While the numbers of students enrolling in college continues to grow; there remains a major problem regarding college retention and graduation, especially among minorities. Nationwide, about 39% of all African-Americans who enter a four-year college go on to earn a diploma at the same institution within six years, according to the U.S. Department of Education. Even if Black students who transfer to other colleges or take more than six years to complete their degree program are included in the figures, the overall graduation rate for Black students is still under 50%. As a four-year college degree is, of course, an essential prerequisite for a MBA degree, it has a definite impact on the college-retention rate on the pool of candidates prepared to pursue an advanced degree.

Last, while there has been an increase in number of minorities entering business school over the past five years, the numbers are still limited, with African-Americans and Hispanics representing only about 15% of GMAT test-takers. While there is strong interest in business among Blacks and Hispanics, many students lack adequate preparation to succeed in business school. A recent study conducted by the Diversity Pipeline Alliance reveals that African-American and Hispanics feel that they don’t know enough about business in general. In addition, many students who are interested in being an entrepreneur don’t see a MBA degree as necessary to their career success.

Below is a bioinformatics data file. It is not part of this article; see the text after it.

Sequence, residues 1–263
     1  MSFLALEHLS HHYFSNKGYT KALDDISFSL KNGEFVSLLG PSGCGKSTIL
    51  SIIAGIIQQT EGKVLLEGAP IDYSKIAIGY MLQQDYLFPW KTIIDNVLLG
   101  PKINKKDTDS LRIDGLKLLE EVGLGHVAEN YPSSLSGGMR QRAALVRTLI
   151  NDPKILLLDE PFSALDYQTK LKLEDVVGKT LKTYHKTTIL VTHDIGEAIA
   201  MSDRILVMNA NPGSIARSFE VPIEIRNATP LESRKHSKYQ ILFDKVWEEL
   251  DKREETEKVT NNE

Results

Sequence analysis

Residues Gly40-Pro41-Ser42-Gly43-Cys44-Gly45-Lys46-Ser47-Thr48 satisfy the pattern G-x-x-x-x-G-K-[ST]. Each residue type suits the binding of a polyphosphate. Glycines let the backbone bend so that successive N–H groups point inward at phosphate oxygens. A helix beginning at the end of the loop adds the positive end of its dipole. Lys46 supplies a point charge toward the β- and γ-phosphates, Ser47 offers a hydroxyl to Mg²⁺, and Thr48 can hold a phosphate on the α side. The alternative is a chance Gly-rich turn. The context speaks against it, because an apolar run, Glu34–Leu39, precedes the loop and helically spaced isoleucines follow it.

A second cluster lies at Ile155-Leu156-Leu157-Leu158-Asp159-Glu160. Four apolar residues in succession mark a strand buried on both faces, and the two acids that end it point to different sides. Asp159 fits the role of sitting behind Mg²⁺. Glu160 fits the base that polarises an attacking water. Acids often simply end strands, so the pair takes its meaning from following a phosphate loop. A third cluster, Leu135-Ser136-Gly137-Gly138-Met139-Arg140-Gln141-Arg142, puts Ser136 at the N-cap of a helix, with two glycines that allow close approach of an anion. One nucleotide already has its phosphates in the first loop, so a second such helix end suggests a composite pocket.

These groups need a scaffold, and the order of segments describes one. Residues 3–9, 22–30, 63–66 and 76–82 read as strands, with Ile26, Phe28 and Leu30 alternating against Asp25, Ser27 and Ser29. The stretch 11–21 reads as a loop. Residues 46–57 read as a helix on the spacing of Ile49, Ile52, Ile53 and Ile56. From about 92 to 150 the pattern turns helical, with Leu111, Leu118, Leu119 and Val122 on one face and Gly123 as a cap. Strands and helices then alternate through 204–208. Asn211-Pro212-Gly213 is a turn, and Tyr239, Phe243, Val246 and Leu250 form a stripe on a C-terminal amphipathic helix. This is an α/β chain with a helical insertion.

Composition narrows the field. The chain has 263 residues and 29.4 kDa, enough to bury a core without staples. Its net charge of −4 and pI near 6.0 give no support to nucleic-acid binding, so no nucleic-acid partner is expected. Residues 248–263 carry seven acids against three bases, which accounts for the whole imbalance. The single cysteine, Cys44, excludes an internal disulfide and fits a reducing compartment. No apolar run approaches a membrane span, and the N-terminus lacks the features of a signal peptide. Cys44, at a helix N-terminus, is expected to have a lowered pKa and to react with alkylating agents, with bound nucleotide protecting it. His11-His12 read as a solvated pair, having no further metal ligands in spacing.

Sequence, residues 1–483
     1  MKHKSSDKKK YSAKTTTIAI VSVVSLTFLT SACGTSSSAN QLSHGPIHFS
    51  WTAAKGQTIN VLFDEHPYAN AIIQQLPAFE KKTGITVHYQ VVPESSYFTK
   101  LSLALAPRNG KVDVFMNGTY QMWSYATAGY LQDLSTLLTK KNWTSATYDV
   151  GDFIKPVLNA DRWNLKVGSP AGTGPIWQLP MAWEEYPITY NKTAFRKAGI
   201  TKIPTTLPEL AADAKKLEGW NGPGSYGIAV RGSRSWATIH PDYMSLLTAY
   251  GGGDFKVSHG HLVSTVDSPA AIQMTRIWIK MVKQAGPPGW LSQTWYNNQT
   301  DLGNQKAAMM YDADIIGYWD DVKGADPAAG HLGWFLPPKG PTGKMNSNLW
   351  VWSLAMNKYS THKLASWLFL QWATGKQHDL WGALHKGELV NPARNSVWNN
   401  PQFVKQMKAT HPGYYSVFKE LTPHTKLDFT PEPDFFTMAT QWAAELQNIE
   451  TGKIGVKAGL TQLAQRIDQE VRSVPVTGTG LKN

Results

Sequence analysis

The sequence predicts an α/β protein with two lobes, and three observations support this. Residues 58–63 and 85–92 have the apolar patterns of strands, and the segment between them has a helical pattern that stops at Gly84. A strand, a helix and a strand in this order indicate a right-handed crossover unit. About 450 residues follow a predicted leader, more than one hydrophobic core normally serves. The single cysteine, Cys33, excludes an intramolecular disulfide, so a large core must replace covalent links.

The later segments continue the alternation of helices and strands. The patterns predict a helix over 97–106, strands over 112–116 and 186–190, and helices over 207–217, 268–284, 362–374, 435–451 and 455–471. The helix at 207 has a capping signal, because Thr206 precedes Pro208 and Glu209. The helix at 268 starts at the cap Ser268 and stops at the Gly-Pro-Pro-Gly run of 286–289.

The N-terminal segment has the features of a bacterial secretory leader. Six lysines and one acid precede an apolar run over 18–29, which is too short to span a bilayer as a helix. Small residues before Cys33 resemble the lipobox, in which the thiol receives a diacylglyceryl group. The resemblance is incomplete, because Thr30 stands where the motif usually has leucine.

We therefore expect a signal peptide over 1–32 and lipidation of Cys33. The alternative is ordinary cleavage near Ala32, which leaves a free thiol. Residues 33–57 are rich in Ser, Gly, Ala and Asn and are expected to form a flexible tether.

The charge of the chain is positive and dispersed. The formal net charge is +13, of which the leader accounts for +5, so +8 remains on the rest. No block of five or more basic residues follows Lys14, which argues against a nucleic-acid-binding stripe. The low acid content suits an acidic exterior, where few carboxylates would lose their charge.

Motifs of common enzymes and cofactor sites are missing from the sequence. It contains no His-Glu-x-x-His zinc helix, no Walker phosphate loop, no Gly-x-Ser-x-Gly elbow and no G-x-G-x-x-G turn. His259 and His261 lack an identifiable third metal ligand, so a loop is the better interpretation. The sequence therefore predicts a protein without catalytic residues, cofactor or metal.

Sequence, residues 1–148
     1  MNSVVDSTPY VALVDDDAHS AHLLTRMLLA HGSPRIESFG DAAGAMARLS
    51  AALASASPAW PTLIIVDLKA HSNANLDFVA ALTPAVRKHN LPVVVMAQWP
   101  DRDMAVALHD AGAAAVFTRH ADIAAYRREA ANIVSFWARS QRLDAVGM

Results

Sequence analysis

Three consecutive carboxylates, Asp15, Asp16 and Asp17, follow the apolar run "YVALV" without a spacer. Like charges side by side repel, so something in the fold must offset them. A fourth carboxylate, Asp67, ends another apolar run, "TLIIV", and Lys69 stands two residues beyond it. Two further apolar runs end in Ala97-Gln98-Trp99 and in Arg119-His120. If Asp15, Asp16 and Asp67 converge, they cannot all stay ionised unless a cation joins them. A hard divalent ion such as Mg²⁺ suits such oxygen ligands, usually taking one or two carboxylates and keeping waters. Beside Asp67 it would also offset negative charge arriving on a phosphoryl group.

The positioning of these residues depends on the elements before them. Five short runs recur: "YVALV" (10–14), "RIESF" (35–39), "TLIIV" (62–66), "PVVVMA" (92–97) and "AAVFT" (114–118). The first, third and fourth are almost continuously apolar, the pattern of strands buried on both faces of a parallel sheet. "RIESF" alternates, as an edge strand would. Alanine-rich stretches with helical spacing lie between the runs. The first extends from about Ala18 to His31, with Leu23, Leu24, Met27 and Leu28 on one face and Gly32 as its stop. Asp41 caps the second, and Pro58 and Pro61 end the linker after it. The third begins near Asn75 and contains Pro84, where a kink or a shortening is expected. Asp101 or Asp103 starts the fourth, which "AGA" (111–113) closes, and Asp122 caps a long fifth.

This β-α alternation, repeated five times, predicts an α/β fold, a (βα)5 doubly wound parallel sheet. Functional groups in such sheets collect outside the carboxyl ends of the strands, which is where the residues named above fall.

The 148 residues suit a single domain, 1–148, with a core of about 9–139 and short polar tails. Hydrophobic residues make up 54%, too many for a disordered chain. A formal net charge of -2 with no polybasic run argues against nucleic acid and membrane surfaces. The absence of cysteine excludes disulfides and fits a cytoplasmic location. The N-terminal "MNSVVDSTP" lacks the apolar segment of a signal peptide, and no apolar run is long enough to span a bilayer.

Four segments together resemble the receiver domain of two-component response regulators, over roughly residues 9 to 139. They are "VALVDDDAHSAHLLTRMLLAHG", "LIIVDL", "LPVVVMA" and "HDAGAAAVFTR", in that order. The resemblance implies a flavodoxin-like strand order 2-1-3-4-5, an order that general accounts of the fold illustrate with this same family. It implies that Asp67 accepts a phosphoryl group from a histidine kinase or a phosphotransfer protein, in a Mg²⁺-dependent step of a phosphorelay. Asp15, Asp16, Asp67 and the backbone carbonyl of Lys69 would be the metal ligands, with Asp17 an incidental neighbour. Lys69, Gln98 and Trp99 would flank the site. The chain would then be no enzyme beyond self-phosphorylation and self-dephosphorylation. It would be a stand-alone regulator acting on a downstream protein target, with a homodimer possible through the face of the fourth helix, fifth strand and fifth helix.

Repairing The Situation

With these points in mind, what’s the best way to address these challenges and ensure that we have enough workers to meet the growing demand of corporate America?

  • First, there needs to be a focus on early college readiness among high school students. Corporate America cannot afford to have such large numbers of students not being prepared for college success. Increasingly, the jobs of the future require more education to succeed and it must be ensured that students are ready to make the transition from high school to college. To do so, it’s necessary to create a structured framework for students so that they get full access to the right courses needed to enroll in a four-year college.